A two-day long "Pagal Sammelan" (convention of the clinically insane) ended here in Kumarkhali, Kushtia last Thursday.
Well-decorated terracotta, old books, coins, antique guns along with other rare collections including paper made eye-catching statues at the “Palace Museum” in Bogra, tries to create a bridge between history and curious young visitors. Thousands visit the museum to learn more about the history of the Bogra Nawab family and their renowned scions, in particular the late Mohammed Ali who had been the Prime Minister (PM) of undivided Pakistan in the '60s.
"Sangeet Maitreer Bandhan, Sangeet Bhalobasha," with this theme Khagrachhari Hill District Council (KHDC) has started a musical talent hunt programme from yesterday at the Upazila Complex under Ramghor upazila, in the hill district Khagrachhari.
Hiroshima Day is observed around the world, recalling the United States' dropping of the first atomic bomb on the Japanese city of Hiroshima on August 6, 1945. The day is marked with special vigils and peace marches.
Federal prosecutors have decided not to pursue a criminal case into how Heath Ledger obtained the powerful painkillers that contributed to his overdose death this year, a law enforcement official said Wednesday.
Scarlett Johansson can laugh about it now, but the actress says she was embarrassed by the media coverage of her so-called "e-mail relationship" with Barack Obama.
Responsible quarters have expressed premonitions that the long awaited new Police Act may not see the light of the day during the incumbency of the present caretaker government. There is no denying that the Bangladesh Police, as an organisation, can perform well if it is founded on valid organisational principles. The unpleasant truth is that with regard to our police, these principles were ruthlessly violated over the years, resulting in corrupt, inefficient and highly politicized police forces. Consequently, the police largely turned into agents of the political executive rather than as instruments of a democratic state.
The South Asian heads of state -- in the 15th Saarc summit that ended on August 3 with the adoption of a 41-point Colombo declaration -- have agreed to start the operation of the Saarc food bank. The soaring prices of food grains across the world have emerged as a serious concern for most developing countries, prompting Saarc leaders to act decisively.
A few days ago, a letter writer termed the Bangladesh education system as "poor," and it is a fact that science education is not up to par. There's a strong opposing view against the diversified primary education system, but the government drive to implement a unified education system in the secondary stage has failed. There are many more such problems, which make a national drive imperative. In this age of globalisation, we can see what others are doing. Several years ago, I reviewed the systems in Asian countries, and recently I have done that for twenty European countries. They are Austria, Croatia, Czech Republic, Denmark, Finland, France, Germany, Greece, Iceland, Italy, Norway, Poland, Portugal, Russia, Spain, Sweden, Switzerland, The Netherlands, the UK and Ukraine.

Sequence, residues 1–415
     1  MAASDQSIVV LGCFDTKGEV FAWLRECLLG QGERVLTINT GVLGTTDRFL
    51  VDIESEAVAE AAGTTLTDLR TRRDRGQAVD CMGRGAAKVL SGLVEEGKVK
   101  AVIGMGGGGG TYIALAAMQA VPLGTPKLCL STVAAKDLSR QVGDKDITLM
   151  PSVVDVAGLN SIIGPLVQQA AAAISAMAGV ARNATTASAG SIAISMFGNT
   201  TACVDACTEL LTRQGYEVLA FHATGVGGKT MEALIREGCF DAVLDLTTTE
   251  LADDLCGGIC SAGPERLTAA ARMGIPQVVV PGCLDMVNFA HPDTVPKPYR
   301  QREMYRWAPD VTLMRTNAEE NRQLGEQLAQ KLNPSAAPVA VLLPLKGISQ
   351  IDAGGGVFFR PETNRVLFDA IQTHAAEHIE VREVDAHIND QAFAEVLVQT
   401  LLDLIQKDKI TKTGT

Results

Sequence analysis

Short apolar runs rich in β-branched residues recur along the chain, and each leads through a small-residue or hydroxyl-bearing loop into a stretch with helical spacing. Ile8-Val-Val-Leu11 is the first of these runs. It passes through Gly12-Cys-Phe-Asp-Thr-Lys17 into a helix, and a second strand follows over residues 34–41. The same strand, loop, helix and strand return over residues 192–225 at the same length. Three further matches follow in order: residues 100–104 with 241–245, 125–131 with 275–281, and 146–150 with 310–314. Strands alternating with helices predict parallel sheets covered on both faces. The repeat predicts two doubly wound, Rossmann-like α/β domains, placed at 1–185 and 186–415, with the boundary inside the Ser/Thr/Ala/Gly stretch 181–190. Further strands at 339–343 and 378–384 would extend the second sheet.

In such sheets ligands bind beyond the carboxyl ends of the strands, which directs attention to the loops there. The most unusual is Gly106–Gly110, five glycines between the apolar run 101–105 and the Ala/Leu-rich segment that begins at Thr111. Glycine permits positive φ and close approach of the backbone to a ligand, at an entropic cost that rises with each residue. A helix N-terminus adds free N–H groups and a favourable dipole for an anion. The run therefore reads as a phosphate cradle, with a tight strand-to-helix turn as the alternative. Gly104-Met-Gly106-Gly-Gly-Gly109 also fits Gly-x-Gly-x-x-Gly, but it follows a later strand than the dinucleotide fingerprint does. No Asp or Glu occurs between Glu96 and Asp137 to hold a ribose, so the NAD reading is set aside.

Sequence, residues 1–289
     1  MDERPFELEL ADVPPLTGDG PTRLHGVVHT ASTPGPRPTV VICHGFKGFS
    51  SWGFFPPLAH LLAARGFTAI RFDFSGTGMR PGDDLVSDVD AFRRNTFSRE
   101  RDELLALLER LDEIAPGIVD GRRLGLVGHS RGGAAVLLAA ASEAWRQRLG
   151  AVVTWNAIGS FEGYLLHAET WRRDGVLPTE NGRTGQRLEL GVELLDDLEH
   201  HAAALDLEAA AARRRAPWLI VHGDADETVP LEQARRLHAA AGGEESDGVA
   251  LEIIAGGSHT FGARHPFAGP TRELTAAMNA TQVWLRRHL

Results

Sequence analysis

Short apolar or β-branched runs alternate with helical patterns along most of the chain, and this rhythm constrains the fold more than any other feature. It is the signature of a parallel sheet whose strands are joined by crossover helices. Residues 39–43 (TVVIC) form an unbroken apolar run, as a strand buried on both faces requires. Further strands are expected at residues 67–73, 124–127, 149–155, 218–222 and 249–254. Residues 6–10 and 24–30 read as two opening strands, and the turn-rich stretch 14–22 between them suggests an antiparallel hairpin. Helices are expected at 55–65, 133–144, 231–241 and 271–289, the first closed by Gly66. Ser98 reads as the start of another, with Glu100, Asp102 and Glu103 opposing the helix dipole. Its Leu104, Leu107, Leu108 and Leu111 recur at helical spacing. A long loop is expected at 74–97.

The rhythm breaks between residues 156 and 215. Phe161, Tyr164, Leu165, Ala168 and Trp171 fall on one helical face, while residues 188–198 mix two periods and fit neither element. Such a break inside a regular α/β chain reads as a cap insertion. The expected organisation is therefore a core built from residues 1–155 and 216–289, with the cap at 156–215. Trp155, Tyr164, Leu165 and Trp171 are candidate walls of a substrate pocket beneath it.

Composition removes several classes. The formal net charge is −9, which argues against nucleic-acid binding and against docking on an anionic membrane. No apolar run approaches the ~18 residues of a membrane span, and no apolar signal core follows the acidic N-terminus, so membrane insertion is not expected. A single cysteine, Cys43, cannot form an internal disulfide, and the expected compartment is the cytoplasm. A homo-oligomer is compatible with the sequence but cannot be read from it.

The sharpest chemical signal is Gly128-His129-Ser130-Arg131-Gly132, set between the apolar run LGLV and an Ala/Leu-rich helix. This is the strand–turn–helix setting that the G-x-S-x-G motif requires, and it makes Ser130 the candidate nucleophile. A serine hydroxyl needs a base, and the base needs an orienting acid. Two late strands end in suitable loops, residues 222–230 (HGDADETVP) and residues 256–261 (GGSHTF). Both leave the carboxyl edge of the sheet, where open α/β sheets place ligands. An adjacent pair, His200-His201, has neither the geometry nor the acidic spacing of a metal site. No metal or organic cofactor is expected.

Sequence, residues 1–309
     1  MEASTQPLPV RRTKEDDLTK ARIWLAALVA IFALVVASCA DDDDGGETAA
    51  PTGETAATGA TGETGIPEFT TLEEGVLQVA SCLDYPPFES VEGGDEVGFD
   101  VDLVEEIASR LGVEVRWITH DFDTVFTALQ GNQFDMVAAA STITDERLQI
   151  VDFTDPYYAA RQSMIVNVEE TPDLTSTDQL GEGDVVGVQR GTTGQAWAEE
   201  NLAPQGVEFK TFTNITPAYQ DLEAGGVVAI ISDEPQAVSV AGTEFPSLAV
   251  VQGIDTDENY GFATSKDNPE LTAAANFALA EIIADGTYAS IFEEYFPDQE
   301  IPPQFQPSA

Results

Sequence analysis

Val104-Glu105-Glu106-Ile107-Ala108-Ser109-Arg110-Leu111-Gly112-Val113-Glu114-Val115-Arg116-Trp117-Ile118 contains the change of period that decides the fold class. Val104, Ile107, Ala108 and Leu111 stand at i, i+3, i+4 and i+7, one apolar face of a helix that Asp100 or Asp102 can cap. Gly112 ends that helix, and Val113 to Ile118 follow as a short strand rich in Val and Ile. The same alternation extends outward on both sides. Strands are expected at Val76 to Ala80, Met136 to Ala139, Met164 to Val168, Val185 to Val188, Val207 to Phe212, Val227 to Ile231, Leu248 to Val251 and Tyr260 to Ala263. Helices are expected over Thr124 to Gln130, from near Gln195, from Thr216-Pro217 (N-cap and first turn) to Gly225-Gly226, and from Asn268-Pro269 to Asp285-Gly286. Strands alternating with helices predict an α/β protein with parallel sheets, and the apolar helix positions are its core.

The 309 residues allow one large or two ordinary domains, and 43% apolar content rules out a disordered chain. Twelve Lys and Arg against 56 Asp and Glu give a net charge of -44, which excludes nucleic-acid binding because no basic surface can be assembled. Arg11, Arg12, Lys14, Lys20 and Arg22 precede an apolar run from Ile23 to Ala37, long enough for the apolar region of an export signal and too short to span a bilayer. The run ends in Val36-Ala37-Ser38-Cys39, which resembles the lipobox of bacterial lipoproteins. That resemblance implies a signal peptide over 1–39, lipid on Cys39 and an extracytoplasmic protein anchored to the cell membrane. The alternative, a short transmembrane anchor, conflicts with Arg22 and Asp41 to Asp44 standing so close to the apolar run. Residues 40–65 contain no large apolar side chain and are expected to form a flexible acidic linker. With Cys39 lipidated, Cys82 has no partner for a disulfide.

It was Japan's prime minister of the time, Junichiro Koizumi, who in 2004 took a bold but much criticised initiative of sending Japanese troops to a mission that had not been authorised by the United Nations. Japan's Iraq mission, though symbolic in nature as the troops had to be provided protection by peacekeepers from other nations stationed in Iraq, helped tone down the criticism that the United States had been waging since the first Gulf war, which Tokyo did not take part in. Japan had to compensate for that failure, and a $13 billion check was the price the country had to pay. But the hefty compensation did not make Japan immune to criticism, and since then Tokyo has been reminded periodically about her reluctance to be an active player in global politics.
A three-day SAARC conference on climate change was held in Dhaka from 1 to 3 July, where the ministers and experts of South Asian countries resonated the judicious demands of developing nations to adapt vis-a-vis the impacts of the climate change. In the context of global warming, faster sea level rise, frequent devastating cyclones, floods and droughts, the SAARC countries have designed an action plan to combat the environmental challenges.
A report under the headline “Seismic survey appears crucial to retain maritime boundary” published by some newspapers on July 22, 2008 said that the seismic survey of Bangladesh's territorial sea line appeared crucial as a UN set deadline for lodging maritime claims will expire in next three years exposing the country to the risk of losing a vast territory in the Bay of Bengal.